Rather than inspect the private content of customers ourselves in these instances, we should turn to law enforcement and their legal procedures.
general counsel, Microsoft
The decision comes after Alex Kibkalo, an ex-employee of the Redmond, Wash.-based software giant, was recently arrested for allegedly leaking pre-release Windows 8 source code and Microsoft's "Activation Server Software Development Kit" -- meant to prevent the unauthorized copying of the company's programs -- to a French blogger.
Microsoft was apparently made aware of Kibkalo's actions when the blogger sent an email via the company's Hotmail service to a Microsoft employee asking the company to verify the stolen code. That employee instead sent the information on to a Microsoft executive, eventually prompting what a Microsoft spokesperson referred to as a "limited review" of the Hotmail account.
"While our own search was clearly within our legal rights, it seems apparent that we should apply a similar principle and rely on formal legal processes for our own investigations involving people who we suspect are stealing from us," said Smith in a statement published Friday. "Therefore, rather than inspect the private content of customers ourselves in these instances, we should turn to law enforcement and their legal procedures."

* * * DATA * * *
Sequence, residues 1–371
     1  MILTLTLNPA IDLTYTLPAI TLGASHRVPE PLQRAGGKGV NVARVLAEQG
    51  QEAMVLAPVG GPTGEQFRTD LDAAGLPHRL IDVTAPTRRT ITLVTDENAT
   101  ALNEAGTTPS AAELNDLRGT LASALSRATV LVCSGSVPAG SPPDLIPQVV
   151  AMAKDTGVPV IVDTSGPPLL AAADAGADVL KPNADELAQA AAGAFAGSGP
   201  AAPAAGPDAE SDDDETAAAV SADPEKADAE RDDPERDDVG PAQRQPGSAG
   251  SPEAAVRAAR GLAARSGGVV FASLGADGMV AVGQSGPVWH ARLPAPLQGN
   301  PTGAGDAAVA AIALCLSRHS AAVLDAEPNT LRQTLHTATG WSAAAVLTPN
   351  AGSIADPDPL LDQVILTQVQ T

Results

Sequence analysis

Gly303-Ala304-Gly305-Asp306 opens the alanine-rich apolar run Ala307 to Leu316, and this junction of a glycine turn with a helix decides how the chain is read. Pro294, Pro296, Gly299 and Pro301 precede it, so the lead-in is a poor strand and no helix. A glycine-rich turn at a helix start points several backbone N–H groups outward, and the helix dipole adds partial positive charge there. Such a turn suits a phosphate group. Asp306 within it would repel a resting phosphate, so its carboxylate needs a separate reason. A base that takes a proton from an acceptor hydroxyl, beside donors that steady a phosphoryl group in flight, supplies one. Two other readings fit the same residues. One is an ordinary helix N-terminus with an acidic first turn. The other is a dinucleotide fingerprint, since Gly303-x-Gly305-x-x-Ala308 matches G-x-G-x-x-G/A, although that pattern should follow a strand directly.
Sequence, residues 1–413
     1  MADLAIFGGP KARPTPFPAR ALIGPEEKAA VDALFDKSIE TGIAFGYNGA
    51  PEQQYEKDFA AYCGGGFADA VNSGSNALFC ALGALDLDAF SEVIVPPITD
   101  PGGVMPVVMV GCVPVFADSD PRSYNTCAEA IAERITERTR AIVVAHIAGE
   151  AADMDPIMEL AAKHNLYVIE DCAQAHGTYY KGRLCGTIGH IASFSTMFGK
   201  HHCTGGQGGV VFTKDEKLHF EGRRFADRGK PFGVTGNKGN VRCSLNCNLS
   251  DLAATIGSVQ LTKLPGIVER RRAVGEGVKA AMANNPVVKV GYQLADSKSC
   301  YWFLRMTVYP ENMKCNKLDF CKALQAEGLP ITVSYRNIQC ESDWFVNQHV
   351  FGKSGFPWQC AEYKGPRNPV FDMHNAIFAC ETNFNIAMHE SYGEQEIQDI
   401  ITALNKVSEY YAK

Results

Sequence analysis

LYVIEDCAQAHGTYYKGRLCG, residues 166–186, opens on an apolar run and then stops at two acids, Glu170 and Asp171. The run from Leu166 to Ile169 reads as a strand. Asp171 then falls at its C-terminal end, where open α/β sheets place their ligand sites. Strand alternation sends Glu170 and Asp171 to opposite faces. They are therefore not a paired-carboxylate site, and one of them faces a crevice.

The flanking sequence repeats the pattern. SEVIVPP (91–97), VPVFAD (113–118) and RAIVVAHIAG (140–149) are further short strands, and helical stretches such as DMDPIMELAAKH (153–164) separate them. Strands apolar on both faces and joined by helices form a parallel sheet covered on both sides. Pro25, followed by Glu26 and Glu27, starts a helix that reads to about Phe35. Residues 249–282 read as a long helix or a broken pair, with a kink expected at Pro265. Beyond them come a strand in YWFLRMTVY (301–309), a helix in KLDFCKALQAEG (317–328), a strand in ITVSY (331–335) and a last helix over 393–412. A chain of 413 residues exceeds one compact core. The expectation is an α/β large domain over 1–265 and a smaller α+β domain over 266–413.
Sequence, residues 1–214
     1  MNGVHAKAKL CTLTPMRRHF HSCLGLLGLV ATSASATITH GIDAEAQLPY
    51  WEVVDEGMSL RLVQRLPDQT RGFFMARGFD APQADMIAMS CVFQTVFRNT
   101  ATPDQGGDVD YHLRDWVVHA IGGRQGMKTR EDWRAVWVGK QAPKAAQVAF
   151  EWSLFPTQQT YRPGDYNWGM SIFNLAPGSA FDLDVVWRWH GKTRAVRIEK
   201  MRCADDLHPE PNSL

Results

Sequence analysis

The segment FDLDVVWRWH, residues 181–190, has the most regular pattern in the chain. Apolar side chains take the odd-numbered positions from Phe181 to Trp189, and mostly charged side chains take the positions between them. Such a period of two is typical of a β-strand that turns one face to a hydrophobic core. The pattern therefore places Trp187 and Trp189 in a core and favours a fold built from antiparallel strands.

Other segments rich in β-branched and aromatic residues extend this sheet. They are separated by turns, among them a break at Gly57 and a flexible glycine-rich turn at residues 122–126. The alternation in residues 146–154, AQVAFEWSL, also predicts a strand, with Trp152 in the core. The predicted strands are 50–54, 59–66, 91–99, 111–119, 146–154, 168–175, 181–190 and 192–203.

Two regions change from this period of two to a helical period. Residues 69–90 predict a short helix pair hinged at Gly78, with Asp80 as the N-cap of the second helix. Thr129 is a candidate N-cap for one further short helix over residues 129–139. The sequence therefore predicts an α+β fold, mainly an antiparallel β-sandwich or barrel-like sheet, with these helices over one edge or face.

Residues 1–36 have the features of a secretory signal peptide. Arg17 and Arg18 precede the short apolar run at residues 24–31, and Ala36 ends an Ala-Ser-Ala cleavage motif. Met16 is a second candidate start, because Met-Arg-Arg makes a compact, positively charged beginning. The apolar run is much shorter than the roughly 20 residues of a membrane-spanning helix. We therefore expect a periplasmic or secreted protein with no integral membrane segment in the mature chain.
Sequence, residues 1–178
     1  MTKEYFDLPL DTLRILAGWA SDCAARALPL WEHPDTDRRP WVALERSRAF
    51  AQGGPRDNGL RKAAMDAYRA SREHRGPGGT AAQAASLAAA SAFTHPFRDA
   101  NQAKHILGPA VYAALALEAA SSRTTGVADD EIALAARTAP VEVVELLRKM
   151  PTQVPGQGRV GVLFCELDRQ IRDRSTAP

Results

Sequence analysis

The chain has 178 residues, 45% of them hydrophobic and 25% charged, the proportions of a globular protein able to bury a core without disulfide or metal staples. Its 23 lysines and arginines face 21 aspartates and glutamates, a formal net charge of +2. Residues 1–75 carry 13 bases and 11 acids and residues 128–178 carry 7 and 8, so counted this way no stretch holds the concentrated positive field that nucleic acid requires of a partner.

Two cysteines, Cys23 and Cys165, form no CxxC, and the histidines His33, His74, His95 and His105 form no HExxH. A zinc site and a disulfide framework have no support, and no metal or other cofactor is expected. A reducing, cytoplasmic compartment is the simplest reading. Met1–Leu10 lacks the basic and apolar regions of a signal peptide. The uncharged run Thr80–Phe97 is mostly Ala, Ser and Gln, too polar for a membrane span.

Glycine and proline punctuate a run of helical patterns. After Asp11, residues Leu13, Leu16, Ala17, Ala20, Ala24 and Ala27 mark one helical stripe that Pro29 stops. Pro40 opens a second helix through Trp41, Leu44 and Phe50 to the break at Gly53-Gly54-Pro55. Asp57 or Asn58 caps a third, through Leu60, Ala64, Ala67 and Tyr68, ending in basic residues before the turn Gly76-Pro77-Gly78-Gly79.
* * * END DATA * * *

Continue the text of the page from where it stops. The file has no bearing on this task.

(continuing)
Smith further admitted this controversy comes at an inopportune time for Microsoft, as the company has spent the better part of the last year distancing itself from accusations that it provides the National Security Agency unfettered access to customer data, prompted by leaks from former NSA contractor Edward Snowden. Though not directly unacknowledged, Microsoft's "Scroogled" series of attack advertisements, which aim to paint the company in a positive light on digital privacy issues and sully the reputation of tech rival Google, have also put the company in an awkward position after recent revelations.
"We entered a 'post-Snowden era' in which people rightly focus on the ways others use their personal information. As a company, we've participated actively in the public discussions about the proper balance between the privacy rights of citizens and the powers of government," Smith said. "We've advocated that governments should rely on formal legal processes and the rule of law for surveillance activities."
In a blog post Friday, EFF legal fellow Andrew Crocker defended Microsoft's decision.
"We commend Microsoft for its willingness to reconsider its policies, and we think it made the right decision," Crocker wrote. "We've said it repeatedly: It is wrong for companies to use terms of service to reserve vast, unnecessary rights to access and disclose user content."
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Under what circumstances, if any, is it OK for an email provider to search a customer's email account?
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